JOHNSON CITY - Stewart Taylor has wanted new zoning for his property, located at the corner of West Market Street and North State of Franklin Road, for more than a year.
Taylor might get his wish now that a consulting group has recommended such a designation to the Johnson City Commission.
The study - performed by Market Street Services Inc., an Atlanta consulting firm - is not yet complete, but a draft version of the final report has been presented to some city and community leaders.
After obtaining a copy of the draft, Taylor's attorney T. Arthur "Buddy" Scott wrote a letter to City Manager Pete Peterson "demanding" that Taylor's long-delayed rezoning request be readdressed by the commission "at the earliest possible time."
"Now that the draft report of Market Street consultants has been presented and its conclusions relative to the 8.6 acres of the former TVA property are known, there is no reason to delay action on the request by my client," Scott stated in his letter to Peterson.
"Having deferred action on this request in order to receive ‘meaningful guidance,' the commission should now act and rezone the property MS-1 (mixed medical/commercial)."
Scott's letter also includes a portion of text from the Market Street Services report, which reads, "Market Street believes that an MS-1 (Medical Services District) zoning designation would be appropriate, allowing flexibility as well as compatibility for medical uses, offices and retail/commercial uses."
On Wednesday, Mayor Steve Darden stressed that the document obtained by Taylor was not final and would not likely be acted on by the commission until completion.
"I want to emphasize the product ... is an economic development plan, not a land-use study," Darden said. "It contains a very complex set of recommendations. We expect to receive the final document by the end of this month or early in February."
Darden also indicated that while the consultants' recommendation is not tantamount to automatic action by the commission, it will certainly weigh on the panel's final decision.
"The consultants' report constitutes guidance, and the city staff's recommendation also falls into the category of useful guidance, too," Darden said. "When we specifically asked the consultants to weigh in on the former TVA property ... we knew they might recommend RTP (planned research/technology), MS-1, residential or something they had seen work elsewhere. As it turns out, it's pretty much a straightforward MS-1 recommendation."
More than a year ago, the commission followed a recommendation by planning staff and initiated consideration of a rezoning for much of the middle anchor of the Med Tech Corridor, including Taylor's parcel, from its current R-4 residential zoning to RTP. Concurrently, the commission has been considering Taylor's request.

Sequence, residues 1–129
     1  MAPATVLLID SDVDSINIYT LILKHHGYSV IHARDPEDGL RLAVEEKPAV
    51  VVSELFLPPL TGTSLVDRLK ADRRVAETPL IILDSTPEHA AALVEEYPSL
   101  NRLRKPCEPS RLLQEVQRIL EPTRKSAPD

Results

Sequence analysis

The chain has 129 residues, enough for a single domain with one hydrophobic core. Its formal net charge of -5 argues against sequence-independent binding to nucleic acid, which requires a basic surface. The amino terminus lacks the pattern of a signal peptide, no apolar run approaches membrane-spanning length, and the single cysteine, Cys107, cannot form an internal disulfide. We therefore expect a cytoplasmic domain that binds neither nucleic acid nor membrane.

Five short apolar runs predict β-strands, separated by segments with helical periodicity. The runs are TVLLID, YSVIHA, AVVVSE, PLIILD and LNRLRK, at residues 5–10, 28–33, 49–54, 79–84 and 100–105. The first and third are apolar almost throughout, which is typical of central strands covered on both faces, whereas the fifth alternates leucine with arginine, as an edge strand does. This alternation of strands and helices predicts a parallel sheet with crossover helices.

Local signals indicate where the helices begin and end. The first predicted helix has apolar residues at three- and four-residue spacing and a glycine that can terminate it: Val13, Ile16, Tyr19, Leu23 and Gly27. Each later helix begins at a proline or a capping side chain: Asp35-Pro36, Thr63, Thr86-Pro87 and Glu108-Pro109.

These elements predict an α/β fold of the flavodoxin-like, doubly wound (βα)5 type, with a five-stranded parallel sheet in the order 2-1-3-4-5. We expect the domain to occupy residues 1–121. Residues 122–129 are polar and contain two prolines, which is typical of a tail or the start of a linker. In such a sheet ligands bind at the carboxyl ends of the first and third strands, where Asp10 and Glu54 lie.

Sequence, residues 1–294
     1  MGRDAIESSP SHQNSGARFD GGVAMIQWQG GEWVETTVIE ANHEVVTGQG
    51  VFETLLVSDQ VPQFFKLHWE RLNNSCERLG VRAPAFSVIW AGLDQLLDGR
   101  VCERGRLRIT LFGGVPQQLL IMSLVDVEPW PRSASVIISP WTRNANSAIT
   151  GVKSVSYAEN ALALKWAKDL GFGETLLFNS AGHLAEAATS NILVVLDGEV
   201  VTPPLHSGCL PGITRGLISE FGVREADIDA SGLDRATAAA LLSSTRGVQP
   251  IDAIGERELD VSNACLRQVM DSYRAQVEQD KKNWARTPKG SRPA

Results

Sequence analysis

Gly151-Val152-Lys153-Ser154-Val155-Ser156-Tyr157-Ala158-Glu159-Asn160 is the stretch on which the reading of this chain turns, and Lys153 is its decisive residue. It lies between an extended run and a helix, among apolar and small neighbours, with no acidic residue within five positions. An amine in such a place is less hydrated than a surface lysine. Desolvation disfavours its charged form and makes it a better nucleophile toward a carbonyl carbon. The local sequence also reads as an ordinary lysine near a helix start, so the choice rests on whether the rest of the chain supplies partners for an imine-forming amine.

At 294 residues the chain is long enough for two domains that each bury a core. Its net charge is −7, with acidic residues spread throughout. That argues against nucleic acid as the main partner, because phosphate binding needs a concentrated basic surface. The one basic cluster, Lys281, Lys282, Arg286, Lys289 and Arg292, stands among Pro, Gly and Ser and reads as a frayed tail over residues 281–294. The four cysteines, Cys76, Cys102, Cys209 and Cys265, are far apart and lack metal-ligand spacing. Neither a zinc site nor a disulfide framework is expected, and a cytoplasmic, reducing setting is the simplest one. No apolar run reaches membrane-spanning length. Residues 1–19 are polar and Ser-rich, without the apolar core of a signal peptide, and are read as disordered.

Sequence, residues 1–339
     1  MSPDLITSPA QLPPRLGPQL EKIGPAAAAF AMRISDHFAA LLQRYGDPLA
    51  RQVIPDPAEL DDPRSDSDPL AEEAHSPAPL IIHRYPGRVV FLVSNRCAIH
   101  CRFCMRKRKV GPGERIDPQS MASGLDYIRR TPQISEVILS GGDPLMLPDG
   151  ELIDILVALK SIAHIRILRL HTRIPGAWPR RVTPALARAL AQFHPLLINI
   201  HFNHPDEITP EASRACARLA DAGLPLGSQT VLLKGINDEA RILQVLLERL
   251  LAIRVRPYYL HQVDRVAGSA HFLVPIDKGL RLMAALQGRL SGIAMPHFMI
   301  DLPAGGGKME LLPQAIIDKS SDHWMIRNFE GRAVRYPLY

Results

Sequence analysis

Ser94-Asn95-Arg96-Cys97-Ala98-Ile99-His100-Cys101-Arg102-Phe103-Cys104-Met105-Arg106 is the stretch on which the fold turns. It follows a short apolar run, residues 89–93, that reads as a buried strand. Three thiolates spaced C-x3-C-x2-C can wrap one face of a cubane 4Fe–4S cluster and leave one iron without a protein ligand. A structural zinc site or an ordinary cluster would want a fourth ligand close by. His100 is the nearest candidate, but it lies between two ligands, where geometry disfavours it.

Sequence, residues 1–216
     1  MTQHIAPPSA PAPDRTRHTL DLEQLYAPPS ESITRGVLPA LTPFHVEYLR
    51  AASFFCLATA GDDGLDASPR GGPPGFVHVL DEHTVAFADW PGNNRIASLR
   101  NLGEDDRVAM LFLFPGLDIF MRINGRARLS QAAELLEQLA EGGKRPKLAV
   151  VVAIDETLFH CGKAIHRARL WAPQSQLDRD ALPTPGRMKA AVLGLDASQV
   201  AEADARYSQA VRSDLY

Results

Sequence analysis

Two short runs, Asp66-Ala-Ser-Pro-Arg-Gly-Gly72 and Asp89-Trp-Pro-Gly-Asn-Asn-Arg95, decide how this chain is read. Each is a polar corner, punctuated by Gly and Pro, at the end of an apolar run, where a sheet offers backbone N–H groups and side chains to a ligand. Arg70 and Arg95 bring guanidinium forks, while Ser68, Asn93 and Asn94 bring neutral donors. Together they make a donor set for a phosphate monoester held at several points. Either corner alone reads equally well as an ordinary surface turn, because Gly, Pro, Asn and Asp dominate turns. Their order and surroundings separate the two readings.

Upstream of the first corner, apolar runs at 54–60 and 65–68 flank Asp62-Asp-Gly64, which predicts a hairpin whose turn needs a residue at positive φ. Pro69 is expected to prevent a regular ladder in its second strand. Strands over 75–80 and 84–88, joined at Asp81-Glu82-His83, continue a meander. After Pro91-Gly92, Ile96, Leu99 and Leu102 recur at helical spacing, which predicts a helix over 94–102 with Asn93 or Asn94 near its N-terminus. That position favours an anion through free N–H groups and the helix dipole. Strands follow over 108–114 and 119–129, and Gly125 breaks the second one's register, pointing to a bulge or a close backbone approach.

Consideration of both rezoning ordinances has been on hold pending results of the study. Also on hold is the process for Taylor to receive a building permit that would allow him to construct condominiums, allowed under R-4 zoning, on the 8.6-acre site.
Because of that, Taylor has sued the city in hopes of obtaining a building permit.
"They've held me off ... it's been like 450 days, from getting a permit," Taylor said. "If they follow the consultants' recommendation, that's great, I'm happy. I don't know what to expect from the City Commission."
Taylor said he has accumulated between $700,000 to $800,000 in legal fees, interest and property taxes since he has owned the property.
Darden said he doesn't believe the pending legal action will further defer consideration of the rezoning ordinances once the study is finalized.
"I don't think we would hold off on a vote," Darden said. "My belief is that Mr. Taylor would rather have it rezoned MS-1 than have it remain residential."
"We wanted the benefits of the consultants' wisdom and experience for a decision on this property. That wasn't quick enough for Mr. Taylor, but we were trying to do it in a responsible way," Darden said.
The mayor also pointed to a section of the study that states the city, as well as East Tennessee State University and Mountain States Health Alliance - the three entities commissioned the $90,000 study as a joint venture - should work "in good faith" with Taylor on his development, as it will have an effect on the surrounding area.
"I hope he would follow in the spirit of the consultants' opinion," Darden said.
Darden said the study has actually "gone beyond the geography of the (Med Tech) Corridor from a location standpoint" and should prove to be a "very useful document to help grow economic development in Johnson City."
He said Market Street Services representatives have indicated they are prepared to present and explain the study in a public setting once the final version has been presented to city, ETSU and MSHA leaders.